We rolled into Blountville, Tennessee, super late. At midnight, though, I thought of another way to salvage the audio—export the audio only and put it back into the video as if it were a separate file, like a song. [Ed note: We also tried that earlier in the day. Didn’t work.] So I woke up and I re-edited. Started the upload. Went back to bed at 1 am. Back up at 6 to get ready to go to the track. By then, the video was uploaded. I opened YouTube on my phone, and there was Marvin, talking. With no sound. It wasn’t going to work.
At the track on Saturday I asked members of the TV crew—professionals in the field—if they had ever heard of such a thing. A video you can hear on YouTube on a laptop, but not on a phone. No one had ever heard of such a thing. Ever. No one had any solutions. Time was running out. If the gate dropped for the first moto, the videos would be old news. So I uploaded a file for my right hand man Chase Stallo to load onto Facebook. Maybe the audio would work there? Chase got the file during Saturday morning practice, posted them on Facebook—and again the audio didn’t work. The project was officially dead. I had wasted a Thursday shooting, and wasted a Friday trying to fix.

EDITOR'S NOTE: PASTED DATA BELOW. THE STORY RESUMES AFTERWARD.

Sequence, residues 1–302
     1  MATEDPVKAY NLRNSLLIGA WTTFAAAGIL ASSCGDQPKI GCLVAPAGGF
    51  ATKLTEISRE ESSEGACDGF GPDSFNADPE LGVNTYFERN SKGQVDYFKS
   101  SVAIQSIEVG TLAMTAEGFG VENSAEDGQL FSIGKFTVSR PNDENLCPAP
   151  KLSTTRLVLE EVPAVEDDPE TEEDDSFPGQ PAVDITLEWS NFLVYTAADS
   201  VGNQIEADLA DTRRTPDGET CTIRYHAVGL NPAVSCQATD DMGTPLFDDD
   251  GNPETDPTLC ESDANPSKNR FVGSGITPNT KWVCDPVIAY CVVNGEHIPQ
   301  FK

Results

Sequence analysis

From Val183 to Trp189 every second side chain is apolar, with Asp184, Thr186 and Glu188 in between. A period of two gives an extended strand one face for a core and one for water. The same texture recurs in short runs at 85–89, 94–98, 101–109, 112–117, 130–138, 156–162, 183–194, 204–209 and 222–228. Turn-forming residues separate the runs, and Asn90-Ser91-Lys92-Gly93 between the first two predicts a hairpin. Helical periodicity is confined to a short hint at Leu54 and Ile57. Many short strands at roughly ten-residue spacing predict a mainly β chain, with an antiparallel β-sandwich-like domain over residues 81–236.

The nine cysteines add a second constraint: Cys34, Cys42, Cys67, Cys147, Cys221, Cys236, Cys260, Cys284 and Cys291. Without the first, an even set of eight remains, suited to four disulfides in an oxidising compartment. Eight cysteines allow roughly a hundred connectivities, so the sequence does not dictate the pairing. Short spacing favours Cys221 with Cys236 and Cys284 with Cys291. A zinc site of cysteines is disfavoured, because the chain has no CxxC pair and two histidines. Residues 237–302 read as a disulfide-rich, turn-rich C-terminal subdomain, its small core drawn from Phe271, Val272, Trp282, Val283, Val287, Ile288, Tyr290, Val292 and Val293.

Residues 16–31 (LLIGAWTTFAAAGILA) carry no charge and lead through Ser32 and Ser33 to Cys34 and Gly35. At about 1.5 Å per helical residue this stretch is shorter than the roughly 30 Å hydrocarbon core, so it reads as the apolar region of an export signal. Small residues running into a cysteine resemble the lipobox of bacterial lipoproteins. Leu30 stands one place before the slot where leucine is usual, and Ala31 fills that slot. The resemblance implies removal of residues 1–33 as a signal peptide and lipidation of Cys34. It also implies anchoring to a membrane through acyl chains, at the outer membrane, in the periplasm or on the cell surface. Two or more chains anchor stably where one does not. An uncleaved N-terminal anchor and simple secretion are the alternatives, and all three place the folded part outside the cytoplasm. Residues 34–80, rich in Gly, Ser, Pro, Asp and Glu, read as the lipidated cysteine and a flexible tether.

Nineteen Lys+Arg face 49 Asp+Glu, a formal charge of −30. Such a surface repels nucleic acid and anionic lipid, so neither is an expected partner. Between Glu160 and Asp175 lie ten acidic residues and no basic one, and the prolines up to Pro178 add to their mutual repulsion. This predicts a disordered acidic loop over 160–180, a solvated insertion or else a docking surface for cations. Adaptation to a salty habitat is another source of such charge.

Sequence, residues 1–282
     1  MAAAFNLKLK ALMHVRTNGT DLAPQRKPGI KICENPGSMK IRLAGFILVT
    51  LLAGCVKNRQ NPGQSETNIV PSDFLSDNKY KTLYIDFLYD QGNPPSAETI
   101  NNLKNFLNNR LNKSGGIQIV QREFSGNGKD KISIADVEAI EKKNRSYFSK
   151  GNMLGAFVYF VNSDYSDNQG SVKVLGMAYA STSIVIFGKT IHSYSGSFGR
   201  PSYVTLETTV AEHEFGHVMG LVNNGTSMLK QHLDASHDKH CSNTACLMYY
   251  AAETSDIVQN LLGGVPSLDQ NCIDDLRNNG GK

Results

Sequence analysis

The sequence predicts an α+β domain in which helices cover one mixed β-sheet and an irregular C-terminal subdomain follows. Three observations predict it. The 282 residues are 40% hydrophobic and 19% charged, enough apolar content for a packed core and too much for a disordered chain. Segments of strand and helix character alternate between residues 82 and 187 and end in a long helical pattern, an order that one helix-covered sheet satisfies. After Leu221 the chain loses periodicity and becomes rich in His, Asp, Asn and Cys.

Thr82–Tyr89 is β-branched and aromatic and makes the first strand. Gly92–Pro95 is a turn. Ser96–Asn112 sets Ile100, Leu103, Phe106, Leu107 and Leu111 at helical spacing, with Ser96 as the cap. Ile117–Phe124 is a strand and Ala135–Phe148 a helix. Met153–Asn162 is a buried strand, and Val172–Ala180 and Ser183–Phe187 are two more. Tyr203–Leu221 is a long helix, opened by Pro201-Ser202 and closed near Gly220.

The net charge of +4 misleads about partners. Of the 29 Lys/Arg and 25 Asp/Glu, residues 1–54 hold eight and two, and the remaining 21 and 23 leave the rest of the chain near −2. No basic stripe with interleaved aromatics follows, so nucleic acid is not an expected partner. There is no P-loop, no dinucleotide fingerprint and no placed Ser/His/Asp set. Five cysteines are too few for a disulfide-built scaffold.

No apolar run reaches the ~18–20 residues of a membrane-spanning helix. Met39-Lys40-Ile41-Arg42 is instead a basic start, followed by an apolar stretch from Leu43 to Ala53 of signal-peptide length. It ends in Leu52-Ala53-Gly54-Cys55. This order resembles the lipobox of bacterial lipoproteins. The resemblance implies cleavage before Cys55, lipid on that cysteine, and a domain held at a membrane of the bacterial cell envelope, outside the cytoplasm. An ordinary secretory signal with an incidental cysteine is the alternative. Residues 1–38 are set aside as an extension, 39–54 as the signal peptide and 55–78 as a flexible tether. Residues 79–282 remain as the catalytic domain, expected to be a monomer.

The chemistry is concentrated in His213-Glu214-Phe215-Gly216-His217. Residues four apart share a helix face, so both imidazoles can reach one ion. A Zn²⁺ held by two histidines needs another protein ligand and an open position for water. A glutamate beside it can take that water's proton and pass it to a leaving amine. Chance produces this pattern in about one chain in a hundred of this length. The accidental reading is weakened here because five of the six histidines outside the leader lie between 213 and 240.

Audio issues are quite the theme this year. The post-race press conferences, streamed to Facebook Live by MX Sports, often have choppy audio. Outdoors, you have a magical combination of internet service at the track combined with Facebook Live’s spotty reliability record, tons of background noise, and a PA system that’s only somewhat loud even at full volume.
After the race, I was patrolling the pits, and the Monster Energy Kawasaki dudes wanted to talk about the presser. The Kawi guys had become huge Jason Anderson fans since he rebuffed some of Blake Baggett’s bold comments. They were happy because they had won the race, too. But they said they had not been able to hear everything that was said, due to the low volume, and all the background noise. “I couldn’t even hear what the riders were saying,” said Mike Williamson.
Yeah. I know the feeling.